2015 Assessment of the Pollock Stock in the Aleutian Islands
Walleye pollock (Gadus chalcogrammus; Coulson et al. 2006; Carr and Marshall 2008; here after pollock) are distributed throughout the Aleutian Islands (AI) with concentrations in areas and depths dependent on diel and seasonal migration. The population of pollock in the AI incurred an apparent drop in abundance from the mid-1980s to the mid-1990s (1986 bottom trawl survey estimate of 444,000 t to a 1994 bottom trawl survey estimate of 78,000 t). Since 1994 the abundance point estimate has been variable, but considering the variance of the survey estimates the trend appears relatively flat (Fig 1A.1). The 2012 survey abundance was a record low at 44,281 t. The 2014 survey abundance estimate at 85,316 t nearly doubled the 2012 estimate. The low 2012 estimate is thought to be anomalous due to the very low temperatures in the region affecting availability of the species to the bottom trawl survey. The precipitous decline between 1986 and 1991 may be in part due to undocumented fishing by foreign vessels claiming catch from the Central Bering Sea (CBS), as the documented fishing levels alone cannot account for the decline (Table 1A.1). A number of foreign fishing vessels were observed fishing in the AI during this time period (Egan 1988a; Egan 1988b) while claiming catch from the CBS. The most recent surveys show that the AI pollock population is predominantly concentrated in the eastern portion of the Aleutian Island chain, closer to the Eastern Bering Sea shelf. Surveys from the 1980’s and 1990’s estimated higher proportions of pollock biomass in the central and western Aleutians (Fig 1A.1). This recent spatial change in population abundance may reflect a spatial contraction of the stock in the Eastern Bering Sea after the collapse of the Central Bering Sea population in the early 1990’s, low AI pollock recruitments since the mid 1980’s, documented higher exploitation rate of the AI pollock in the mid- to late 1990’s, and possibly a high undocumented exploitation rate in the late 1980’s by foreign fishers.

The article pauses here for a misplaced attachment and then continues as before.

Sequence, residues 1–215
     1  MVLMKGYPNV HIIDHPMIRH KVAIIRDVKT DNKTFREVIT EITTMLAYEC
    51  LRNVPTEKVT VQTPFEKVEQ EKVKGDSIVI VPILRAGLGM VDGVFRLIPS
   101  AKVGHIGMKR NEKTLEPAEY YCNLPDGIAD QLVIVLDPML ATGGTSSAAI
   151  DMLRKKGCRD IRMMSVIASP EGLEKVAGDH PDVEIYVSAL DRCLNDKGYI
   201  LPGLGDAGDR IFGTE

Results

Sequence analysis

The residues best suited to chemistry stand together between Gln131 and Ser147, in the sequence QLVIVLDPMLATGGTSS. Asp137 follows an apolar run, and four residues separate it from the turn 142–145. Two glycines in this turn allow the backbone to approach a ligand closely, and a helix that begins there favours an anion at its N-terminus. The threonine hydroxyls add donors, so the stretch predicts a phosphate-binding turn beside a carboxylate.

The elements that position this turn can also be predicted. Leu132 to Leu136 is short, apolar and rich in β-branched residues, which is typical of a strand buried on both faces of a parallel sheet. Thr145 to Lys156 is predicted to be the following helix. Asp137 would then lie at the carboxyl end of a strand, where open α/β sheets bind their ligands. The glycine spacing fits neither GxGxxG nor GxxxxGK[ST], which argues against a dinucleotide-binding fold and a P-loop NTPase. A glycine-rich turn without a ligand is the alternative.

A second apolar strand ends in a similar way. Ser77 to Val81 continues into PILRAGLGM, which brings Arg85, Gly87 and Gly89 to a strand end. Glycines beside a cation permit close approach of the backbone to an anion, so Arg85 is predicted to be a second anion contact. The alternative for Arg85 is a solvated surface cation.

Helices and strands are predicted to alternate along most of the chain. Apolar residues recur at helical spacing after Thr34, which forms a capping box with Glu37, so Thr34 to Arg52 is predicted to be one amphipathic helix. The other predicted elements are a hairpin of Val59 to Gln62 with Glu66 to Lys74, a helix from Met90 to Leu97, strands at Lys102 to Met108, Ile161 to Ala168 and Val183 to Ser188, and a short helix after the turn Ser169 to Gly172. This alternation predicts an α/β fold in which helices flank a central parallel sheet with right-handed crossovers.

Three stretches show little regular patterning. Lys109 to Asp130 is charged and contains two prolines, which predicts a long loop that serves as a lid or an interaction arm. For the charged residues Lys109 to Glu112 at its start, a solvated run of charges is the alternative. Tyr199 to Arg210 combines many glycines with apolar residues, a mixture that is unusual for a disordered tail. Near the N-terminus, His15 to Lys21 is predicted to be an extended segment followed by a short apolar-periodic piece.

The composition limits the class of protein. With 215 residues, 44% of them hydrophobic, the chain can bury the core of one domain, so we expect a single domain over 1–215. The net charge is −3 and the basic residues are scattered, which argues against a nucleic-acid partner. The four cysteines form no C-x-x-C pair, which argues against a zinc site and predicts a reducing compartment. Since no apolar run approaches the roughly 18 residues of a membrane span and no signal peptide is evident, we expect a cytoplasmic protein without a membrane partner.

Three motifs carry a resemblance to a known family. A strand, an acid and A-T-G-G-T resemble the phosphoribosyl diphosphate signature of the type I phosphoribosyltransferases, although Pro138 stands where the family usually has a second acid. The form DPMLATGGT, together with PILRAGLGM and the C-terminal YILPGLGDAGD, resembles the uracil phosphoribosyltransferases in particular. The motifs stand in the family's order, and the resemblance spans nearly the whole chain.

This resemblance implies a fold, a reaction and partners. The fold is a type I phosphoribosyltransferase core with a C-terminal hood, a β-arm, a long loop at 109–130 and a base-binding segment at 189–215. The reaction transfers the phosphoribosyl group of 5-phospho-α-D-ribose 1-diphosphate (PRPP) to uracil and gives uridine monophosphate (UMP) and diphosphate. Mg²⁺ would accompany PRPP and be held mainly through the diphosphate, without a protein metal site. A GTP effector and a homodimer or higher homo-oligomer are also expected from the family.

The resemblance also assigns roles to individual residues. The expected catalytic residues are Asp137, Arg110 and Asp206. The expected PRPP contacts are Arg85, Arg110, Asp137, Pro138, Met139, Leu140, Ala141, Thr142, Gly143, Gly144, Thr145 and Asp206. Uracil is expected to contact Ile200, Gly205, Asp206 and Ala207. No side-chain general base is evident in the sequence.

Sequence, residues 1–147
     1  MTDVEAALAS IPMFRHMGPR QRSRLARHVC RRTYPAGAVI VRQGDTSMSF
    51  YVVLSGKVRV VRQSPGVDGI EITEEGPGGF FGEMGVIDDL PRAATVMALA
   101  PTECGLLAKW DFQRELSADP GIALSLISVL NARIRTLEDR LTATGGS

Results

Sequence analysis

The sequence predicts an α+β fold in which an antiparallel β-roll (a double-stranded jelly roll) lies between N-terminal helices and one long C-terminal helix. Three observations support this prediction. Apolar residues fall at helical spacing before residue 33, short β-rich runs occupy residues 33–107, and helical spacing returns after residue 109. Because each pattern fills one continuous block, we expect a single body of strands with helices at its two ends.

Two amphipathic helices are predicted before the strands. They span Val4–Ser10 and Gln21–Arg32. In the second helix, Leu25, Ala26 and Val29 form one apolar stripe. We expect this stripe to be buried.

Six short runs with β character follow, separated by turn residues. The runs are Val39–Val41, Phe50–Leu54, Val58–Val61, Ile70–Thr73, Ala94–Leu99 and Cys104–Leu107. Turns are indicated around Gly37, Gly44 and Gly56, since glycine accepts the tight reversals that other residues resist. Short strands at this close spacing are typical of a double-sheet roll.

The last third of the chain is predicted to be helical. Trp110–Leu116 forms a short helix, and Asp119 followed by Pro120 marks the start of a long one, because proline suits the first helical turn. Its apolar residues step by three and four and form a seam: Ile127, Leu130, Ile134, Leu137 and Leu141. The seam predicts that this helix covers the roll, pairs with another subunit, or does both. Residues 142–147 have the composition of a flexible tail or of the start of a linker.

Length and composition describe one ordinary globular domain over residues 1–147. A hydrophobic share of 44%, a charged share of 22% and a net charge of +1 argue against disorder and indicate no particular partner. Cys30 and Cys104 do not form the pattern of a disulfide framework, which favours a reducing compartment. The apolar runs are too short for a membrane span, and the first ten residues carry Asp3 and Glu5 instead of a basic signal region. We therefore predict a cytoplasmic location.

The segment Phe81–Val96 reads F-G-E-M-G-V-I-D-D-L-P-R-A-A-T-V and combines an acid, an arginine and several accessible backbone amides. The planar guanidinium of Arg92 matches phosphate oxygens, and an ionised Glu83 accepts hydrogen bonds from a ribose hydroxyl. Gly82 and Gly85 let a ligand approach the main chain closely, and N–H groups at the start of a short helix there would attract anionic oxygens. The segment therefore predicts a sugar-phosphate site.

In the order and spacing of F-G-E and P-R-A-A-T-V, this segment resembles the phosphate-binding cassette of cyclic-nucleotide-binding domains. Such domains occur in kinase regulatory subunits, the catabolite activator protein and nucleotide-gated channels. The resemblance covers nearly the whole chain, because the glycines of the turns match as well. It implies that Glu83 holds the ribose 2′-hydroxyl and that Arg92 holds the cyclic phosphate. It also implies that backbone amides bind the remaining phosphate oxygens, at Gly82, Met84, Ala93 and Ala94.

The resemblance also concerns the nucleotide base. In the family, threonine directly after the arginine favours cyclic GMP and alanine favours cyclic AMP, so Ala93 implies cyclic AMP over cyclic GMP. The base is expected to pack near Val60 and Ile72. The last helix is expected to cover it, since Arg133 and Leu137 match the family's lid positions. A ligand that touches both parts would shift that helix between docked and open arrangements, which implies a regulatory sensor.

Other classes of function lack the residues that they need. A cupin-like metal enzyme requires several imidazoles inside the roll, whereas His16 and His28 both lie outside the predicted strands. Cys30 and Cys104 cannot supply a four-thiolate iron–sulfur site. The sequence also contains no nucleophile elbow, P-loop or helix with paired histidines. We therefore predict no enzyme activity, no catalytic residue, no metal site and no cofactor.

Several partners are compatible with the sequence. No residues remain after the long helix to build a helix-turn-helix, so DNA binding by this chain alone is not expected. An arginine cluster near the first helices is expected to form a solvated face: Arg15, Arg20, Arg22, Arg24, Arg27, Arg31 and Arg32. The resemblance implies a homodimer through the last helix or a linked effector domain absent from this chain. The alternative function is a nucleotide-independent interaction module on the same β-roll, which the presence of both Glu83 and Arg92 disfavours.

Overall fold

The degree of independence of the Aleutian Islands pollock from pollock of other areas is not well understood. Bailey et al. (1999) presented a review of the meta-population structure of pollock throughout the north Pacific region identifying possible meta-populations in the Eastern Bering Sea, but little data from the Aleutian Islands region were available at the time and therefore his population model doesn’t consider these fish. Recent genetic studies, which included samples from the Aleutian Islands near Adak Island, have shown a lack of genetic heterogeneity among Northeast Pacific and Bering Sea pollock that could be used for stock definition (Grant et al. 2010). Grant et al. (2006) found and later confirmed (Grant et al. 2010) the greatest genetic differences occurred between samples from Asia and the Eastern North Pacific with mirror-image haplogroup clines between them. Grant et al. (2010) interpreted that the genetic differences across the Pacific Ocean and mirror-image haplogroup clines likely reflect divergence during ice-age isolations and subsequent expansion into the central North Pacific on each side with gene flow across the contact zone. The pollock in the AI therefore are most likely a mixed population from both Asian and North American and the result of re-colonization from both sides of the Pacific post ice-age.